Newsmaker: Reluctant activist fights for justice in face of police apathy

2012-03-17 15:52

‘Please do not

feed the fear,” reads a sign on the notice board at the OUT clinic in Pretoria.

It refers to gay men and the HIV crisis.

Shouting its name in rainbow colours

from the street, the two-storey house in Hatfield contains one of only three

clinics in South Africa that offer free health services to lesbian, gay,

bisexual, transgender and intersex people.

Because of its mandate, it’s also a clinic with a voice. It has

lobbied in support of same-sex marriage and against a wave of lesbian murders

across the country.

However, I was there to speak to OUT’s director, Dawie Nel, about

the reality that eight openly gay men have been found murdered in similar

circumstances in Gauteng in the past two years.

The sign could just as well read: “Please feed the fear!” OUT, a

health services, research and advocacy group, and in particular Nel, has been a

sole voice calling for police action against the crimes.

“The gay community needs to be alarmed,” says OUT worker Jay Matlou

as we wait for Nel to join us. “We were also the ones who raised the issue that

these men probably met their murderers online.”

I look at the media that OUT has been distributing, warning about

the dangers of telephone chatrooms and dating sites.

When Nel does join us, he is nowhere near as flamboyant as his desk

staff. His greying hair is kept short and his office is sparse, a place of work.

Some people have the perception that, because the 46-year-old educationalist is

quoted so often in the newspapers, he is something of an attention seeker or

alarmist.

But the man we meet speaks softly, with the rolling “r” of an

Afrikaans accent, choosing his words carefully. He dislikes generalisations,

always referring to scientific research to make a point.

“I’m not saying it’s a serial killer, but the similarities in the

modus operandi are too striking to overlook.”

The men were all found with their hands tied behind their backs.

Seven of them were strangled. There was no sign of forced entry and little

was stolen.

He’s quietly pleased that the police have announced a task team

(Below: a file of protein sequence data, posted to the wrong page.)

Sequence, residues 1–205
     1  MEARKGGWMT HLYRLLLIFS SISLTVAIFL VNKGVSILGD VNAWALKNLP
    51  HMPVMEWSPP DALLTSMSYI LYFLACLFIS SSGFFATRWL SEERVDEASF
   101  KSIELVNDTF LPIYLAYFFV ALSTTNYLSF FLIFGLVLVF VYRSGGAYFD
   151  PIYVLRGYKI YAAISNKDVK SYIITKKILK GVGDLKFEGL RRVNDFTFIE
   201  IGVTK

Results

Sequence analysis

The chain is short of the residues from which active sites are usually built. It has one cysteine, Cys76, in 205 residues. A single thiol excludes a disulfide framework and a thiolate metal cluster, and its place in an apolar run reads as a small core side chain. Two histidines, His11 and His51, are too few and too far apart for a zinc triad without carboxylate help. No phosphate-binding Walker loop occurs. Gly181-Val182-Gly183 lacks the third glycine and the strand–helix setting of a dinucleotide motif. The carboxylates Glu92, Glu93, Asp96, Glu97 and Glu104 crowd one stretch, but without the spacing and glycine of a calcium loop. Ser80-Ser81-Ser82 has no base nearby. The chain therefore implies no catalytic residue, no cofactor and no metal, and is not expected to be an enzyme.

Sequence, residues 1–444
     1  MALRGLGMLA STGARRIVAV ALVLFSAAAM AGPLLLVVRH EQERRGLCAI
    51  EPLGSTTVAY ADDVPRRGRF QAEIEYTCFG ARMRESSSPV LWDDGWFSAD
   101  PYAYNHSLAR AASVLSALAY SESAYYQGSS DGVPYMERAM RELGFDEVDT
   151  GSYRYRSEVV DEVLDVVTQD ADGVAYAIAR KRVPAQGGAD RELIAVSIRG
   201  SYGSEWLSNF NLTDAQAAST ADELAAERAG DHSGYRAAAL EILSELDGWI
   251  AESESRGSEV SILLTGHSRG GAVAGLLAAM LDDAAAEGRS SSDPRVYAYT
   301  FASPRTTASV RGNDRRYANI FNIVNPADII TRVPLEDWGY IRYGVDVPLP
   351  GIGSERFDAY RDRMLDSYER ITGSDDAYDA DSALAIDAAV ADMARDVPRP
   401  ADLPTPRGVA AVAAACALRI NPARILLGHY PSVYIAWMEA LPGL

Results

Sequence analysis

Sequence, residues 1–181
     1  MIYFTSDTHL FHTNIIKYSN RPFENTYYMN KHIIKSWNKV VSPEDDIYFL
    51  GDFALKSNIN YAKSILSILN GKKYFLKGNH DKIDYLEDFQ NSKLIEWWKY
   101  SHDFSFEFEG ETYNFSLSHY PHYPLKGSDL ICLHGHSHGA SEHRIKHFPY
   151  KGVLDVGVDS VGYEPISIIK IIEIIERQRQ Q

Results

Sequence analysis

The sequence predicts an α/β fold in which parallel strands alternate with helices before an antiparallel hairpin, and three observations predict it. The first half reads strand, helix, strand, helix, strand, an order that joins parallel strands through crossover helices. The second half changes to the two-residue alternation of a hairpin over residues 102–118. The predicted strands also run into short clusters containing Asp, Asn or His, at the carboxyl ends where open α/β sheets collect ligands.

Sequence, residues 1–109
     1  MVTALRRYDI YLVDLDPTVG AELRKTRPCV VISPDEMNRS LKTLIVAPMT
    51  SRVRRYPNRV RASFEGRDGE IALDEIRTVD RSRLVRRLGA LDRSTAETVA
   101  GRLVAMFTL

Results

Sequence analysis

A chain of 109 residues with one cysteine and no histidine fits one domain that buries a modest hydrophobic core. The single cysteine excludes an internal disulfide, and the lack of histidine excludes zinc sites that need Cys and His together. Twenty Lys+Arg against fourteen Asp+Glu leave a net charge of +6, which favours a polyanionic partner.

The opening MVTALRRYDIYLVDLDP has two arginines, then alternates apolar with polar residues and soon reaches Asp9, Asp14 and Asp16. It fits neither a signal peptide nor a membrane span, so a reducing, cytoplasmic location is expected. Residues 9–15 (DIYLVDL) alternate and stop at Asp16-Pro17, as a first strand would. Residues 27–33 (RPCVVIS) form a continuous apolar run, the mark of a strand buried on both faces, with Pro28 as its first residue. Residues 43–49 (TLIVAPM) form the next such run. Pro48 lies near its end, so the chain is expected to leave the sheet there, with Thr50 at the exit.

that will place the eight investigations into one unit, but is shy to take the

credit.

“It’s a combination of our voice and publicity from the media,” he

says.

“One of the victims, Jason Wessenaar, worked here. It spurred us to

launch a campaign to pressure the police to act against what looks like

prejudice-based crimes against a vulnerable community. We provide services for

men who have sex with men. We understand the lifestyle and the dangers. We want

to help.”

Nel answers questions about his personal life in short, suspicious

sentences.

“I don’t think

I need to be exciting. Just being normal is enough for me. To go home, have a

good meal and watch a murder mystery on TV.”

He was raised in a

“middle-of-the-road conservative” household in Pretoria and came out at the age

of 22. He discovered student politics, but ended up working in human resources

for the Post Office.

OUT was started in 1994 by the Reforming Church. When it was

formalised as an NGO in 1997, he became its first director “because I thought I

could be useful”.

I ask him if he considers himself an activist. He pauses.

“No. Yes and no. I think I’m an activist because I do not like

injustice and would like to address that – but not in a political, flag-waving

way. For me, it’s trying to make a material difference in people’s lives where

they don’t have that opportunity.”

That may mean

medical care and HIV education, or lobbying for hate crimes to be recognised in

South African law. On our way out, Nel is more relaxed – pleased to have the

interview behind him.

He believes OUT will have to continue its lobby in the

face of “general police apathy” and has made an appointment to see Deputy

Justice Minister Andries Nel next week.

I ask him if OUT’s

outreach is working. Are the lesbian, gay, bisexual, transgender and intersex

community in the townships more open about who they are?

“I think people are more out,” he says. “But I suppose the danger

of being more out is that you’re much more of a target.”


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